A trademark (“mark”) is what distinguishes your business, and its products or services, from all others. You can probably picture the trademarks of many classic rivalries in your head: Starbucks vs. Dunkin’ Donuts, Coca-Cola vs. Pepsi, or McDonald’s vs. Wendy’s.
The visual associations these businesses have created with their trademarks makes them easy to find on a crowded shelf or a busy street, and they encourage you to play favorites by creating a brand you can align yourself with.
Generally speaking, trademarks come in the form of a word, slogan, design, symbol, or some combination of these elements. Some trademarks can even include a unique scent or sound. Brand names and logos are often trademarked to allow consumers to distinguish between various products, as well as identify the source of those products. Trademarks can carry a lot of meaning for different people. Building visual associations with your business will create a lasting memory for your customers and bring you to the front of their mind next time they need the product or service that your business offers.
Registering a trademark with the United States Patent and Trademark Office (“USPTO”) involves several steps, the most important of which is choosing a mark that is registerable and protectable.
One requirement for registering your trademark requires that there is no likelihood of confusion between the mark and an existing trademark. In fact, a likelihood of confusion between the applicant’s mark and an existing mark is the number one reason the USPTO refuses registrations. Confusion is most likely to arise when the marks are similar, and when the marks are used in connection with a similar product or service, such that a consumer is likely to believe that they have the same origin.
The likelihood of having your trademark registration approved will also increase significantly if the mark is considered “strong.” Strong trademarks have characteristics that are easy to protect due to their unique nature, and the strongest trademarks are categorized as fanciful and/or arbitrary. Fanciful trademarks are created using made-up words with no dictionary definitions. You are probably familiar with some fanciful trademarks already: KODAK, EXXON, and XEROX are famous examples of fanciful trademarks. Arbitrary trademarks use known words, but those words have no classic connection to the goods or services they protect. Good examples of arbitrary trademarks are DOVE for soap, or APPLE for computers. On the other hand, you want to avoid generic or merely descriptive marks. Calling your product “the world’s best product” will be difficult to enforce and completely forgettable to consumers. Words that merely describe what your product or service is, such as “creamy” for ice cream, or “high quality” for a catering service, will likely be words that everybody else trying to sell those products or services will also want to use. Try to remember all of the pizza joints that call themselves “New York Style Pizza” and you’ll quickly see why descriptive trademarks often get rejected.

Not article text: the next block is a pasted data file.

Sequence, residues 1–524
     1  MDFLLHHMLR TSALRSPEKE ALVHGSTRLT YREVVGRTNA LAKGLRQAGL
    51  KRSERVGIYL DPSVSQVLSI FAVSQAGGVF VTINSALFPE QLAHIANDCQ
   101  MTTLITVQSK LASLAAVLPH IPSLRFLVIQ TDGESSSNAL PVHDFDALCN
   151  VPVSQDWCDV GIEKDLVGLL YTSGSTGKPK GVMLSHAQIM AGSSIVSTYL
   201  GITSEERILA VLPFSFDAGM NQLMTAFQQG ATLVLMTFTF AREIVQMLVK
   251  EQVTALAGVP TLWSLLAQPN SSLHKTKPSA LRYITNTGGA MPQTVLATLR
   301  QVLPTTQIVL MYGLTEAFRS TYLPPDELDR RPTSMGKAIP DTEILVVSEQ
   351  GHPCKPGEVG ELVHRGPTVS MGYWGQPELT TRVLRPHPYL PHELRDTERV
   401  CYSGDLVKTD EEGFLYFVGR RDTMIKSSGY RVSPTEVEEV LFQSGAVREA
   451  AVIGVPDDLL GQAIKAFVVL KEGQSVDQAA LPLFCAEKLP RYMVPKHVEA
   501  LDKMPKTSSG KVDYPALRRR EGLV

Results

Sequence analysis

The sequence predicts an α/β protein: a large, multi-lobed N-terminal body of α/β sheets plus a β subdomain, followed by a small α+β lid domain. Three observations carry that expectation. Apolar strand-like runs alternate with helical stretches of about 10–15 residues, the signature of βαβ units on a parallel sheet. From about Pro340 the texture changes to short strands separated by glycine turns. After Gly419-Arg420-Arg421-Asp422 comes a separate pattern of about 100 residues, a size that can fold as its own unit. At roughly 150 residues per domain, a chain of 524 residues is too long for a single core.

Throughout your trademark selection process, you’ll want to conduct online searches in various venues to ensure that your mark is not already being used. The USPTO offers a free search system known as TESS (Trademark Electronic Search System), available 24-7 through http://www.uspto.gov/trademarks at “TESS search trademarks.” You can also use free search engines such as Google to identify conflicts. However, these searches can quickly become complex for a layperson to determine what marks are considered confusingly similar, when evaluating a comparison of the marks, relatedness of goods/services, as well as other variables considered in protectability and registrability of trademarks. It is in your best interest to consult with an intellectual property attorney in order to perform a comprehensive search and provide a legal opinion on the protectability and registrability of the trademark.
Once you are reasonably confident that your mark is registerable and protectable, it’s time to file your application for registration. You’ll need to submit the mark for review, whether it is a word, phrase, and/or design. If there are several variations of one trademark that you’d like to protect, they must each be submitted individually. This can be done on the USPTO website for federal trademarks. For a New York state specific trademark, you’ll need to mail in your application along with the appropriate filing fee. Again, you should strongly consider hiring a lawyer specialized in intellectual property to help you with this step, in order to ensure that your application includes all the required elements and that you are complying with state or federal law.
Your attorney will also be poised to guide you through the application process. The USPTO will want evidence that you have used your trademark in commerce either at the time of filing or within six months after receiving approval, which your attorney can help you gather and submit. Additionally, the USPTO may issue an initial rejection of your application which requires a response within certain time limits, which an attorney can assist in preparing a response. Even after a mark is registered, periodic renewals must be filed with the USPTO to maintain the trademark registration.
Furthermore, the USPTO will not enforce or police use of your trademark, meaning that the task is up to you. In fact, failure to police your mark may cause you to lose your trademark rights.
With the help of a knowledgeable attorney, you’ll be able to seek to register your trademark and ensure that nobody but you has the right to use it.
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